Rhythm and the blues

Music. Some says it soothes the savage beast. And I don’t disagree, sometimes it seems like I can almost change my mood by listening to certain music. And sometimes the music that I listen to is an accurate representation of my mood and how I’m feeling. My husband once famously said, “are you listening to Dashboard Confessional because you’re depressed or are you depressed because you’re listening to Dashboard Confessional?” He’s not half wrong.

I’ve come to find over the years that I tend to have a more visceral reaction to music than a lot of people. Most people mindlessly listen to it while driving or in the shower. But music makes me feel things. I’m not a very emotional person – even when depressed it’s not so much that I’m sad, it’s more that I just can’t – can’t get out of bed, can’t stop sleeping, can’t find the motivation to do anything other than be a slug. But music. It makes my soul sing.

I have a very eclectic taste in music – I grew up playing the violin from a very young age and involved in all different kinds of orchestras, so classical music holds a very special place in my heart. One of my favorite pieces – The Great Gate of Kiev from Pictures at an Exhibition by Modest Mussorgsky makes me come alive. Mike had the brilliant idea that they play that on the organ at our wedding. Best. Idea. Ever. It was amazing. Seriously, go YouTube it. If you’re not moved by the piece, then I literally don’t know what to say. For me it evokes feelings of power and strength and images of the Russian Court during Alexander II’s reign. It makes my soul fly in triumphant arcs. I really can’t accurately describe how it makes me feel.

The story-telling of musicals always gets me, and when I find a new one that I like I become low-key obsessed with it. Hamilton was the latest one, but in high school I was obsessed with Rent (who wasn’t? It was the late 90s and theater nerds everywhere salivated over this one). Into the Woods was another. When Wicked came out I was hooked. Ran out and bought the books and devoured them (sadly I still haven’t read the last one in the series, I’m seriously slacking in that regard). The story of Elphaba resonated more strongly with me than that of Dorothy ever did (never was a big Wizard of Oz fan).

Modern bands like 30 Seconds to Mars, the Killers, Jimmy Eat World, the Juliana Theory, all of Andrew McMahon’s projects from Something Corporate through Jack’s Mannequin and onto Andrew McMahon in the Wilderness. I connect with this music. I can feel it in my bones. I’m a card-carrying atheist, but the only thing I can like it to is that it’s a religious experience. I’m free in those moments. Free from worry, stress – I just get lost in the music and let myself go.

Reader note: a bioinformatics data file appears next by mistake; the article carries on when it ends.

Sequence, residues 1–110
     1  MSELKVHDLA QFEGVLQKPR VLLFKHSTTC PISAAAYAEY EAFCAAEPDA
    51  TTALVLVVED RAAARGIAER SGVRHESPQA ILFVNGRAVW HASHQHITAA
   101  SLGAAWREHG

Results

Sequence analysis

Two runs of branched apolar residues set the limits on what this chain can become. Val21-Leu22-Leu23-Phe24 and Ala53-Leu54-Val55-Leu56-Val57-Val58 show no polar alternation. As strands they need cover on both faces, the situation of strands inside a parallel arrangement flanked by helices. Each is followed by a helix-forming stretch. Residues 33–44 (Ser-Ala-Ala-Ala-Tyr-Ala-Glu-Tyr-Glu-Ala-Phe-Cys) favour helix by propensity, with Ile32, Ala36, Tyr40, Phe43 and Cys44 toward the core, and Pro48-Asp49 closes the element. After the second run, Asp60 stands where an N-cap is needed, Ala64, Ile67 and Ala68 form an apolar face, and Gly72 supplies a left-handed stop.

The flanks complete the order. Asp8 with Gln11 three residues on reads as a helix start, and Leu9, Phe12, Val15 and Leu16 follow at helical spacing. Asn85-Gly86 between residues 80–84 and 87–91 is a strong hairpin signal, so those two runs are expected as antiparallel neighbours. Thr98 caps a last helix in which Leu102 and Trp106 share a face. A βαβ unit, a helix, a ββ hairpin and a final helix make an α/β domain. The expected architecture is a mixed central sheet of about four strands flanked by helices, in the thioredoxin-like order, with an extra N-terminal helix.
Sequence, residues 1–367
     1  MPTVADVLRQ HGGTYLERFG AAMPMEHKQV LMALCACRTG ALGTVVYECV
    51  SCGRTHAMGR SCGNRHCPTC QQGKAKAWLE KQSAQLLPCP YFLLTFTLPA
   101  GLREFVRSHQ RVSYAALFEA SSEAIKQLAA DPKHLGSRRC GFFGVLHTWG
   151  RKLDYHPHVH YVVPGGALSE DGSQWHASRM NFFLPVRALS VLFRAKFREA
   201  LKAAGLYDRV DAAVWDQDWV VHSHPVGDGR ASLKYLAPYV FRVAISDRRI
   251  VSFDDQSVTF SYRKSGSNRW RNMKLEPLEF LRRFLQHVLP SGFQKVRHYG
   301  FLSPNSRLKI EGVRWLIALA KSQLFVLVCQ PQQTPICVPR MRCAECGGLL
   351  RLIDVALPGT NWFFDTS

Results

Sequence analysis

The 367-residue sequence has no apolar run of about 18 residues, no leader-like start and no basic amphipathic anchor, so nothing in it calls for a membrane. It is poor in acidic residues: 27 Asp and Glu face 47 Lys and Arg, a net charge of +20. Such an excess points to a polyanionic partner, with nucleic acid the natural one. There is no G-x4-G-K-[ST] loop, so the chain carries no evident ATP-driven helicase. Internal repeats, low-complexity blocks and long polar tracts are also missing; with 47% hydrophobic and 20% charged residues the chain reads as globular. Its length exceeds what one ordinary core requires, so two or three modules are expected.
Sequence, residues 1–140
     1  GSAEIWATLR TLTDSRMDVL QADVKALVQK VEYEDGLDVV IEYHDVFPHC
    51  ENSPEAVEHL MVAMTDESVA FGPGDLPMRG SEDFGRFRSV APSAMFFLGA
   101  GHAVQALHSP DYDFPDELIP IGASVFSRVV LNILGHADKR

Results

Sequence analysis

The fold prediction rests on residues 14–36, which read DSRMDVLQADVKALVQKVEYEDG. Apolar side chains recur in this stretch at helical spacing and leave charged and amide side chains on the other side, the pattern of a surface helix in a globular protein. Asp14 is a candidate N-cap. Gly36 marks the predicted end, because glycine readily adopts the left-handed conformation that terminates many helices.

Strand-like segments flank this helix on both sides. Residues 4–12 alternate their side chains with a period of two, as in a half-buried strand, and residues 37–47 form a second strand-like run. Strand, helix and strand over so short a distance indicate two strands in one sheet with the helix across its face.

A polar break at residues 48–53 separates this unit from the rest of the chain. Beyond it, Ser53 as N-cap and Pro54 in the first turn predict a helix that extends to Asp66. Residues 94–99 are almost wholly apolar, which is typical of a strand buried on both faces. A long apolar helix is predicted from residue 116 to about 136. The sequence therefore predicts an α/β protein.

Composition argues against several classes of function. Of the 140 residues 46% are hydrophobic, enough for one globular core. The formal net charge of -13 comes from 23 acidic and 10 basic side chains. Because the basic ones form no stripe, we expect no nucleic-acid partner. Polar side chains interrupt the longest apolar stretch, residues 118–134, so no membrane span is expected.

I often wonder if this is the case because I keep a very tight rein on my feelings. I keep them in check, scared to let them free for fear they turn into mania or depression, or even worse – a mixed episode. But with music, with music let myself feel everything I keep such a tight hold on.

I’ve thought before that this was my way in the early days before diagnosis and meds to regulate my moods. It was easier just to not feel. To push everything in the closet and shut the door, if you will. But I’ve learned that everything comes tumbling out eventually. And then it’s even harder to deal with than it would have been in the first place. I think it’s hard for a lot of people to get to know me for that reason. I’m generally in a genial, if not good mood. Happy to chat. Talk about the cats. But I don’t let people close enough to really understand me. 15 years later and I’m still not sure how Mike managed to get through all of my walls and make himself at home. But even with him, we don’t talk about feelings. We talk about how our day was, or what’s happening in the world. He was raised Irish-Catholic and I was raised Italian-Catholic. We don’t talk about our feelings. It’s just not what we do. This is part of the reason therapy is always so hard for me. My current therapist never pushes, though. He lets me open up if I feel the need or desire but everything is very intellectual – he lets me work through learning classic CBT/DBT strategies from an intellectual standpoint rather than an emotional one (my visualization for irrational thoughts is Leonard Nimoy in a crossing guard vest and a stop sign saying “that is illogical.” Don’t ask, it works.) He’s learned that I seem to do much better when things are approached from a clinical standpoint. It must be the scientist in me.

I don’t know. What I do know is that most often my music matches my mood. I’m sure a lot of people can say the same thing. But how much of our mood is dictated by things like music? Or is it like the Dashboard paradox – the music perpetuates a certain mood and keeps you in an emotional loop. Maybe one feeds off of the other, maybe there’s only a causal link. But what would rather do – drive in the summer with the windows down and the wind in your hair listening to upbeat music or be stuffed into the car in the middle of winter with the windows up against the cold listening to music that keeps you down?